cutting edge technology. It “ensured our expectations were met and our revenue maximized,” Robertson says.
Ultimately, it set a standard for the hotel complex. “This is the first time of the Harrah’s Cherokee history that any major project was delivered on time,” says Ray Rose, project manager for Harrah’s/Eastern Band of Cherokee Indians. “Turner delivered on their promise.”
The company also lived up to expectations in working with tribe members. “Turner has embraced the TERO program and … provided many contracting and employment successes, says Curtis Wildcatt, compliance office for the program. “Turner has made great efforts to ensure the Cherokee people benefit from this employment and economic opportunity and has cooperated well above all my expectations.”
That’s not the only way the company worked with the tribe. During a topping-off ceremony in April 2010, it began the day with a traditional prayer to the seven spiritual directions of the Cherokee, offered by a tribal elder. Jim Owle, chairman of the tribal council, praised other efforts by the company to become part of the community.
“Turner partnered with the Tribe to create the Madison Hornbuckle Children’s Cancer Foundation, which raised more than $100,000 in its inaugural year,” he says.
Turner brought together companies from around the country for the project. It was designed by The Cuningham Group, an architectural firm based in Minnesota, while the mechanical and electrical design engineers, Xn-th, are located in Las Vegas and Orlando, Fla.
The team used electronic submissions and requests for information to keep everyone looped in during the construction process. “This was our first opportunity to work together,” says Michael Strand, AIA principal at The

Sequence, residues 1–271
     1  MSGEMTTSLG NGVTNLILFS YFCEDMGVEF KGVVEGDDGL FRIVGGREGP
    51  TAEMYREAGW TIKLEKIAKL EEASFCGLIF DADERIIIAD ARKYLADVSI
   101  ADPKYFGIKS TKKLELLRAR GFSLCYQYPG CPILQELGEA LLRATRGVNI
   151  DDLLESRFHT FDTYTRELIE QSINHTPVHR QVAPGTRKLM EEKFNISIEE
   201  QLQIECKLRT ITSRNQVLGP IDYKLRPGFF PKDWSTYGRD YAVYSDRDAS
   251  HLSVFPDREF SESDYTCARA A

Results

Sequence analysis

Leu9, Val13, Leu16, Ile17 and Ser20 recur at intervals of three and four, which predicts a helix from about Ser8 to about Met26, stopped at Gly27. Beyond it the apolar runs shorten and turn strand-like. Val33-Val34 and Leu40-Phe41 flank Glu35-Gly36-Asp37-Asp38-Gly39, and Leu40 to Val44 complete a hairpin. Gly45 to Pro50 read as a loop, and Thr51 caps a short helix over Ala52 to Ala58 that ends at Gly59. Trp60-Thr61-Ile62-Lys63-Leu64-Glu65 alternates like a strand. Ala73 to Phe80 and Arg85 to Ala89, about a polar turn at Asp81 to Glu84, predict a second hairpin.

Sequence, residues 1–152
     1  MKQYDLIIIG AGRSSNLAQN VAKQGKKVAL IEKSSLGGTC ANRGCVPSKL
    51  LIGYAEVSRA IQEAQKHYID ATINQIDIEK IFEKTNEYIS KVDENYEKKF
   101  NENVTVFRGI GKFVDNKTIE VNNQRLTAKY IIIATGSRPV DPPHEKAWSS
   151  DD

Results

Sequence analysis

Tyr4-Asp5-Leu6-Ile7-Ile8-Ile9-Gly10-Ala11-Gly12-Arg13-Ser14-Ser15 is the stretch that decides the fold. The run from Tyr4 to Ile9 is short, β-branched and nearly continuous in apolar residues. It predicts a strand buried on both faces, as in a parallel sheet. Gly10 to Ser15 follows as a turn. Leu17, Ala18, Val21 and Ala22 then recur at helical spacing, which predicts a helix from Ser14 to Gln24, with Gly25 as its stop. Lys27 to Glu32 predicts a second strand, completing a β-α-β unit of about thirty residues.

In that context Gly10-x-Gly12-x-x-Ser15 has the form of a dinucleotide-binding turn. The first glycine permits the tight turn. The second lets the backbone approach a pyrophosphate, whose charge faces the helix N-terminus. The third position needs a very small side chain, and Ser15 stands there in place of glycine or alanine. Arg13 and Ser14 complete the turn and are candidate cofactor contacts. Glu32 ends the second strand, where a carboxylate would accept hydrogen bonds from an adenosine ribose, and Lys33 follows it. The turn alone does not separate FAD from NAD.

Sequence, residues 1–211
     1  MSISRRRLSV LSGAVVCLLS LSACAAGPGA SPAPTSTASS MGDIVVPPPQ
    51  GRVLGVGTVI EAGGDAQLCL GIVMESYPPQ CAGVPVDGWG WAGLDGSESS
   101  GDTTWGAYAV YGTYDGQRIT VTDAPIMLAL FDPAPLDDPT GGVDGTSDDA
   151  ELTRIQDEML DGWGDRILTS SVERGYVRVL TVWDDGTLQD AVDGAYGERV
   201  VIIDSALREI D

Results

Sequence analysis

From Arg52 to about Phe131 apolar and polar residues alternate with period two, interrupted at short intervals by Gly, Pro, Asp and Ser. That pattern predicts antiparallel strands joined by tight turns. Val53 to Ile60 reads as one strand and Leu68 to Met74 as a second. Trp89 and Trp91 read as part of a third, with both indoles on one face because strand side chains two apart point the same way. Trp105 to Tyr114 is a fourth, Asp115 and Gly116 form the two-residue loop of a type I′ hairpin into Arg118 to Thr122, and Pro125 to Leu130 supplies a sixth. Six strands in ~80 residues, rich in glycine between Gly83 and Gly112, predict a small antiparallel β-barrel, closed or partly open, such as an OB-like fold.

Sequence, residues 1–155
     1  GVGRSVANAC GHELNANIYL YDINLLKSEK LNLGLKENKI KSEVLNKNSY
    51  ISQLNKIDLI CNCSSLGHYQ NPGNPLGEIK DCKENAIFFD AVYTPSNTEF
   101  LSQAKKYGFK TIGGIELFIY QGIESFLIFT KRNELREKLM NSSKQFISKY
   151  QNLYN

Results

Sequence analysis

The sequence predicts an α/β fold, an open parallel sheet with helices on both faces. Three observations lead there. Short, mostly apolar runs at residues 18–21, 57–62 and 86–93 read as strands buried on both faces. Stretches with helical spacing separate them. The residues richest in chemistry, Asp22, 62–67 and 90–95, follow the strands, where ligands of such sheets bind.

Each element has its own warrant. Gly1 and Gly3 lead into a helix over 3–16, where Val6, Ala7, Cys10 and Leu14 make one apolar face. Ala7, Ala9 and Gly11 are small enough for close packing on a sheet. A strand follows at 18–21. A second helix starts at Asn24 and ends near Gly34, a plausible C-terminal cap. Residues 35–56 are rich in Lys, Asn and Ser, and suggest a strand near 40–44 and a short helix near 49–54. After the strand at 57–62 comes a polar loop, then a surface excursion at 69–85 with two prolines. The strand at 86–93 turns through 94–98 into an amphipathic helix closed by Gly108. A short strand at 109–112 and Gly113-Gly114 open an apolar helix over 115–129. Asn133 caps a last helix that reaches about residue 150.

Cuningham Group, “and during that time, I have developed a high regard for their ability to manage the construction of this complicated, multifaceted project, and I was struck by their ability to understand the complexity of our design.”
And it was complex. The tower featured a waving roof form designed to complement the surrounding mountain view. Other features included a VIP check-in area, fire lounges, a café/bakery area and floor of “super suites.” Custom light features hang throughout the main lobbies, and one of them uses fiber optics that can be customized to change colors.
The building is a post-tensioned concrete structure with structural steel on the 21st floor and lower porte cochere, which rests on pilecaps and auger-cast piles. Exterior finishes include stone, stucco, trespa panels, and a curtain wall system. Floors one and two contain the main lobbies for the tower, along with stores, a café, a fire lounge and an arcade.
The porte cochere provides the main entry and valet for the entire hotel complex. Floors three through twenty
contain rooms and two-bay suites, while the top floor consists of eight themed suites and two “super” suites, which all have exterior balconies overlooking the dramatic views outside.
Turner also has won a $100 million contract to expand the Harrah’s Cherokee casino. The project, which is scheduled for completion in January 2013, will add 110,000 square feet of gaming-floor area to casino while renovating the existing 130,000 square feet. It also will provide new modern bars, restaurants and entertainment stages to the casino and hotel, add a 70-foot interior waterfall and a rotunda that will change lighting and sounds with the seasons.